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Rambus, Microsoft Heat Up With Cold DRAM

4/17/2017 04:30 PM EDT
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DMcCunney
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Re: Achieving cryogenic temperature
DMcCunney   4/26/2017 8:30:35 PM
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@Rambus: Good question – how one cools devices to <93K is indeed a challenge, but one that can be dealt with.

I thought it was a good question, but your answer just assures me it can be dealt with.  I'd like to know how.

Efficient cryogenic cooling isn't practical for small scale devices such as mobile phones or tablets.  But when one gets to the scale of a datacenter then refrigeration technology gets reasonably efficient and reliable.

I never thought it would be practical for the sorts of things we carry around.  But I suspect full application in a datacenter will require fundamental changes in the way datacenters are built and provisioned. It doesn't sound like something that can be economically retrofitted.

Regarding the question of what happens should the refrigerator fail, the answer is that it's relatively easy to engineer a "soft landing".

That, too, was about what I expected.  I didn't see a catastrophic failure - just a condition where you wouldn't get the performance benefits you expected from a working system.


>Dennis

junko.yoshida
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Re: Achieving cryogenic temperature
junko.yoshida   4/26/2017 6:13:52 PM
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Thanks for your further explanation, @rambus. Much appreciate it.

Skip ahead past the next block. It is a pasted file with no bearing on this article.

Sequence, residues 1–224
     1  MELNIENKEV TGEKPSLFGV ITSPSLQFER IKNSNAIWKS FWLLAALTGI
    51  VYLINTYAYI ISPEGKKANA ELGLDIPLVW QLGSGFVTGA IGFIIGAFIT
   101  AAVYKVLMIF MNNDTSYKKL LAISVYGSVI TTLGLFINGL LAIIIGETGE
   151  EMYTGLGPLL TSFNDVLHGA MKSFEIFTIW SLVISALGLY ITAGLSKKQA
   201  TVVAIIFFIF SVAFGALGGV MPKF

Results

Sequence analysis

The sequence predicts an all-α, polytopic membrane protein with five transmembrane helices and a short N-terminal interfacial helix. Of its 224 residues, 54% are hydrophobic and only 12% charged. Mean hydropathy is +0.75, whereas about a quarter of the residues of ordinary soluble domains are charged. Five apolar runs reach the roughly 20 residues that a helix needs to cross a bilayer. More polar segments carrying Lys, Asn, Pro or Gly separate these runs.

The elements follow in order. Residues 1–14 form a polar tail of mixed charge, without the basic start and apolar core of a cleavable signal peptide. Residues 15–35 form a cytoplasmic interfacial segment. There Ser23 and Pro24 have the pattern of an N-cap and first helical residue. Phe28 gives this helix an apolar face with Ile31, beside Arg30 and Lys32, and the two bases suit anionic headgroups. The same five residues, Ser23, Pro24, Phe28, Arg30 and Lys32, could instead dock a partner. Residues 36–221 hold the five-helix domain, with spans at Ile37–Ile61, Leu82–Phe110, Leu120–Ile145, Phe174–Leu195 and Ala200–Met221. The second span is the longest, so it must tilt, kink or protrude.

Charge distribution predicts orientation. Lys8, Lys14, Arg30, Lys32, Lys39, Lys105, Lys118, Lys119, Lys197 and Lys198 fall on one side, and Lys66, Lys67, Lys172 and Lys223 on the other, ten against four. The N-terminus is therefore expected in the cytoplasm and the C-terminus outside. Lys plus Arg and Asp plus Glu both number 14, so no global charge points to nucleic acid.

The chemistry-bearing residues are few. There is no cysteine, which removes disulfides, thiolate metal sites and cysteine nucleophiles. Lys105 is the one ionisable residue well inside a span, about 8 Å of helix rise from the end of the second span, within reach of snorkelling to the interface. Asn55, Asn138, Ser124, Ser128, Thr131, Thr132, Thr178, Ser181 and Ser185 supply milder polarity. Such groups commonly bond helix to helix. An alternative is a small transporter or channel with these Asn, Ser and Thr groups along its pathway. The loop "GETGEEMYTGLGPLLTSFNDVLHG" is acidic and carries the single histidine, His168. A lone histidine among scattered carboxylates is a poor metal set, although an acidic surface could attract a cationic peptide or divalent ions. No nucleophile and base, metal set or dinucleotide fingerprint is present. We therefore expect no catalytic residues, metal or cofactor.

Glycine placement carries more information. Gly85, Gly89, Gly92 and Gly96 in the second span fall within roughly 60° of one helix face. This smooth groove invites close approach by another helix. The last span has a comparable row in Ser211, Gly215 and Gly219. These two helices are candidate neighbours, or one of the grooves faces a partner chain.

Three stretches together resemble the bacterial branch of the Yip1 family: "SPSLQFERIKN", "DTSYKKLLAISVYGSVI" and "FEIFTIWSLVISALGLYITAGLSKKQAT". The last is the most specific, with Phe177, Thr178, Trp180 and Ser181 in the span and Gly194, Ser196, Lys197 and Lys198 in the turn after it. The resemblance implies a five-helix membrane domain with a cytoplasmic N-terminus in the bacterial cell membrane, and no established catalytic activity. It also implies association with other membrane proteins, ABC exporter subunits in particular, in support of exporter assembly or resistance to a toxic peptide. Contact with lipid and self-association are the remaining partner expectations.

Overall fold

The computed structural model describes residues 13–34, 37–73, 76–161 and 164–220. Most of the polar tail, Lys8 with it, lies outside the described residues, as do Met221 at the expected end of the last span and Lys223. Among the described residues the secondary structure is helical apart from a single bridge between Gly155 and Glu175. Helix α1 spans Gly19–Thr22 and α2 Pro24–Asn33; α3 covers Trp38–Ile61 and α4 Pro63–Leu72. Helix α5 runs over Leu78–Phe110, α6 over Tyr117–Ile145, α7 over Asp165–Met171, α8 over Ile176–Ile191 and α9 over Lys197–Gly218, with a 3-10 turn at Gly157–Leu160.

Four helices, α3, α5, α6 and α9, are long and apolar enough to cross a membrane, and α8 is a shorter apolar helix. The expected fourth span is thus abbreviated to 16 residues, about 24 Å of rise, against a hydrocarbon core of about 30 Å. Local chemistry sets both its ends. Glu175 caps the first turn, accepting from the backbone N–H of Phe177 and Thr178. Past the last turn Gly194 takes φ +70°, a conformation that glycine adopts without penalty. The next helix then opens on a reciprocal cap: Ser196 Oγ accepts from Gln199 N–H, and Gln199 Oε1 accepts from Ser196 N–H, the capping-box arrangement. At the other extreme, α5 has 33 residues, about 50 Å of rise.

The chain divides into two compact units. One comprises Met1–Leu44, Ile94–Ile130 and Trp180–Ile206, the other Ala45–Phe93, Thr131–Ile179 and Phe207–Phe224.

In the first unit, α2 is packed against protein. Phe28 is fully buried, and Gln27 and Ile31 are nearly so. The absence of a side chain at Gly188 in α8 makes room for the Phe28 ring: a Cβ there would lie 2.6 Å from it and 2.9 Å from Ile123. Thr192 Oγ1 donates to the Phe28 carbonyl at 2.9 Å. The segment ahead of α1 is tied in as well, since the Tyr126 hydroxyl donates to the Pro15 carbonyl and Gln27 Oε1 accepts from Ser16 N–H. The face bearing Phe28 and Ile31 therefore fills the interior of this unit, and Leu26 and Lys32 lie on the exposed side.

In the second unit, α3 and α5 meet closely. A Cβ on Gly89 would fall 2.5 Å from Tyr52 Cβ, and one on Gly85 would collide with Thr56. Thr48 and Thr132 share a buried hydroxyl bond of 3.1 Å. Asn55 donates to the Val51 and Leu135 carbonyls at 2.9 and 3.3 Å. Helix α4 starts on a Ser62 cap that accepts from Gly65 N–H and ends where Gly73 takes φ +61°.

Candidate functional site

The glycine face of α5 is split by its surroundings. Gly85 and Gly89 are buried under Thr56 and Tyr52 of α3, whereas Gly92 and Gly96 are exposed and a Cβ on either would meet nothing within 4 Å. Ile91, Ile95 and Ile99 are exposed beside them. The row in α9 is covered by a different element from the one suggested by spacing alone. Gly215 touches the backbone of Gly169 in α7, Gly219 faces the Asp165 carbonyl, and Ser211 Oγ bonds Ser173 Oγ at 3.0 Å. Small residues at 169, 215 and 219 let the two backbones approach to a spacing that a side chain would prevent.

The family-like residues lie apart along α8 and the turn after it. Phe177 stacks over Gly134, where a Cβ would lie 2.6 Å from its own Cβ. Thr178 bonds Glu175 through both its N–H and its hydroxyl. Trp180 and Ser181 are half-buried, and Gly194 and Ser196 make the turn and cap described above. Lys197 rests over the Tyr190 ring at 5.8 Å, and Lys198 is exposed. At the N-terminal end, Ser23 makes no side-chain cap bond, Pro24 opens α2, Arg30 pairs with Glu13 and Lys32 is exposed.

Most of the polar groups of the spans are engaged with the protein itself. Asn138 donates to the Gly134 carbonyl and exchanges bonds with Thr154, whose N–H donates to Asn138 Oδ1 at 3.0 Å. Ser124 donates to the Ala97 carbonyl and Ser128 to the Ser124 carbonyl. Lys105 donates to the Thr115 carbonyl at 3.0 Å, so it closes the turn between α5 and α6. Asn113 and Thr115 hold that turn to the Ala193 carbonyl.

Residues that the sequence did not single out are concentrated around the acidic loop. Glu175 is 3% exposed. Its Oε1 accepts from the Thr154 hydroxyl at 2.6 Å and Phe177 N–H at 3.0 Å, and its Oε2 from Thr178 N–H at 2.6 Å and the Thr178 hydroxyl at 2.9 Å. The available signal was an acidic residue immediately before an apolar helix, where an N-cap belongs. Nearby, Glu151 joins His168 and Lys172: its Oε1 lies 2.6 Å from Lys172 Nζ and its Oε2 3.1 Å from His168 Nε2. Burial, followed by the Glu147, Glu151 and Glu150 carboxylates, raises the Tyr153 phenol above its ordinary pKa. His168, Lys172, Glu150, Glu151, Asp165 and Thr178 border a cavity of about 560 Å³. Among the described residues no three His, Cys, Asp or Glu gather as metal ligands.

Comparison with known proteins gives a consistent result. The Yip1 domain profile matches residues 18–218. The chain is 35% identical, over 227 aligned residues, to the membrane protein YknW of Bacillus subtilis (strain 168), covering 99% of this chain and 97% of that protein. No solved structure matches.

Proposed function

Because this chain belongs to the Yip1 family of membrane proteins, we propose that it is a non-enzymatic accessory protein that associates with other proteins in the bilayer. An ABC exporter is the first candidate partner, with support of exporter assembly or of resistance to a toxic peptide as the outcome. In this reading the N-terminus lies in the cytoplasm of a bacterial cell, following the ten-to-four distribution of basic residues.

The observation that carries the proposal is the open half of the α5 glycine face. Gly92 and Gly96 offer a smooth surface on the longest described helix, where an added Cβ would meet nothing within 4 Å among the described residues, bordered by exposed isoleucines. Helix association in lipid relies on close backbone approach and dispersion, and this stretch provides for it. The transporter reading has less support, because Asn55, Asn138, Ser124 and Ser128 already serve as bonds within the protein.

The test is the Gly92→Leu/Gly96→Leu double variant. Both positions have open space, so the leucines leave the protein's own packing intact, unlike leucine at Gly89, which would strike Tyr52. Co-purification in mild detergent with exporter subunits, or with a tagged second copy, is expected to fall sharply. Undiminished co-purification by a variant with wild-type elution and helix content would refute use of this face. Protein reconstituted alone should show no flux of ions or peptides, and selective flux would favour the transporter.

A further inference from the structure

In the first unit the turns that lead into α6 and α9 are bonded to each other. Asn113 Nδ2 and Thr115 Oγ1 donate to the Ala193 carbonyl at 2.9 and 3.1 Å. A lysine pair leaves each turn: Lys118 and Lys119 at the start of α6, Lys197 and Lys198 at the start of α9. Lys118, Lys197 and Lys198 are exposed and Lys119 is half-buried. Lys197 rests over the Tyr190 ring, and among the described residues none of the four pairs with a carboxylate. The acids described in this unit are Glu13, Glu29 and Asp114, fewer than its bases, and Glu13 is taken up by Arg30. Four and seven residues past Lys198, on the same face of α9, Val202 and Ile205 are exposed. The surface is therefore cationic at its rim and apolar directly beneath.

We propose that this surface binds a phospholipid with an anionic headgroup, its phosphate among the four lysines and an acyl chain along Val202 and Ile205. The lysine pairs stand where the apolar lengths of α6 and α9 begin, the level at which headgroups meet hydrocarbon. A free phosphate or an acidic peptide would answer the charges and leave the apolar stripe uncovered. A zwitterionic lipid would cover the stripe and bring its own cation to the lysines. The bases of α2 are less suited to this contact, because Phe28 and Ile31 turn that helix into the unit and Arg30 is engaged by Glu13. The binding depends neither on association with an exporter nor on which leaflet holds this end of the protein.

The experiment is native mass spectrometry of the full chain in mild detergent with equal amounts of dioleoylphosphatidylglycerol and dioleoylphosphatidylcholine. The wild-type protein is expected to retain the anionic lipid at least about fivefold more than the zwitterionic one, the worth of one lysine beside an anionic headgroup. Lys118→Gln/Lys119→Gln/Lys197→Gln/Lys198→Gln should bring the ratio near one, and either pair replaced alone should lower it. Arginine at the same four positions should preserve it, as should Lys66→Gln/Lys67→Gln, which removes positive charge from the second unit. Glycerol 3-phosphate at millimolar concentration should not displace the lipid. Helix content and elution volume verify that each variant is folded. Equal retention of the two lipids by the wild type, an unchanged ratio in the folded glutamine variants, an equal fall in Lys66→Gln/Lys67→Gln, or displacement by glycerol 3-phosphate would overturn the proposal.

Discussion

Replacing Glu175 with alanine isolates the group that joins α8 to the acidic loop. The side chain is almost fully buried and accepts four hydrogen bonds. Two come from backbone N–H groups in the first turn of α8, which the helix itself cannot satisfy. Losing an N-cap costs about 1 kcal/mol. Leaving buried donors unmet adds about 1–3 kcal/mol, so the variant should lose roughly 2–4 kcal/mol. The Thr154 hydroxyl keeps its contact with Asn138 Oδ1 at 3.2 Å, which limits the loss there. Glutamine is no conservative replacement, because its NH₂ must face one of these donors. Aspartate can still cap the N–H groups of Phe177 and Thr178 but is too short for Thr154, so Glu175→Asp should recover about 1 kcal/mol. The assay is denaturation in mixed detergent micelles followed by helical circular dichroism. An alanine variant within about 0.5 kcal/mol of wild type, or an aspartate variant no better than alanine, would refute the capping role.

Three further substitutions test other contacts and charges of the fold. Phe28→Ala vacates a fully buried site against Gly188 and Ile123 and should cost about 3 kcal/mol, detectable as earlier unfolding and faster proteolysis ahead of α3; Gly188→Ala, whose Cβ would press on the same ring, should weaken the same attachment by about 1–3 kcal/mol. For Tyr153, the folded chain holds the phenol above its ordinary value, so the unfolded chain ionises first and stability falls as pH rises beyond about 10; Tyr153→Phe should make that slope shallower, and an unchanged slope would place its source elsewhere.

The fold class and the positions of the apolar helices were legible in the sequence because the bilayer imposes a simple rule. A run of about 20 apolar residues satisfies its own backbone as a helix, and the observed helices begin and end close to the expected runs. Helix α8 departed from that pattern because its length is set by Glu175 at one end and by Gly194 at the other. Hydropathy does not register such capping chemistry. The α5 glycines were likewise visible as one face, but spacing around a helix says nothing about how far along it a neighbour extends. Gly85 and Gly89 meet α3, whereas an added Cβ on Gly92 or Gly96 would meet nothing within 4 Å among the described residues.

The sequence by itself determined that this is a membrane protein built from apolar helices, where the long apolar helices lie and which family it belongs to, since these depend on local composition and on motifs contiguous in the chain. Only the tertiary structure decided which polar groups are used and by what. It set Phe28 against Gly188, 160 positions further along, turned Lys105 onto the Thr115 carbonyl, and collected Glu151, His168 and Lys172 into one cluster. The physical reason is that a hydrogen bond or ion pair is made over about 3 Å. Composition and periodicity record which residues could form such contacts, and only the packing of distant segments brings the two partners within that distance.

@DMcCunney , here's the answer from the horse's mouth.

Rambus
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Re: Achieving cryogenic temperature
Rambus   4/26/2017 10:33:08 AM
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Good question – how one cools devices to <93K is indeed a challenge, but one that can be dealt with.  Efficient cryogenic cooling isn't practical for small scale devices such as mobile phones or tablets.  But when one gets to the scale of a datacenter then refrigeration technology gets reasonably efficient and reliable.  Thermodynamics determines the theoretical maximum efficiency for a refrigerator (the Carnot efficiency) and then the mechanical efficiency of the refrigerator defines how close one gets to that theoretical limit.  The mechanical efficiency of a cryogenic refrigerator can be 30% or higher which makes the energy gains from cooling memory more than offset the energy cost of cooling.

Regarding the question of what happens should the refrigerator fail, the answer is that it's relatively easy to engineer a "soft landing".  The memory devices don't fail catastrophically when they warm to room temperature .  They simply don't meet all of their specifications.  One can monitor this and then take the memory offline for repair at a convenient time.  It's also worth pointing out that cryogenic refrigeration is widely used in the medical industry  for MRI imaging and the reliability of these systems has been proven in the field for many, many years.

DMcCunney
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Achieving cryogenic temperature
DMcCunney   4/18/2017 8:28:26 PM
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DRAM may indeed be adaptable for the things suggested in the article.

The missing piece here is precisely how folks using it intend to get operating temperatures that low.  How do you cool DRAM and other components to minus−180 °C or minus−292.00 °F or 93.15 Kelvin?

(And for that matter, what happens if you can't maintain those temperatures?   You may not get a system failure, depending on how fast things warm up, but you won't get the desired performance.)

I'd love to hear more about the proposed cooling methods.

>Dennis

 

 

 

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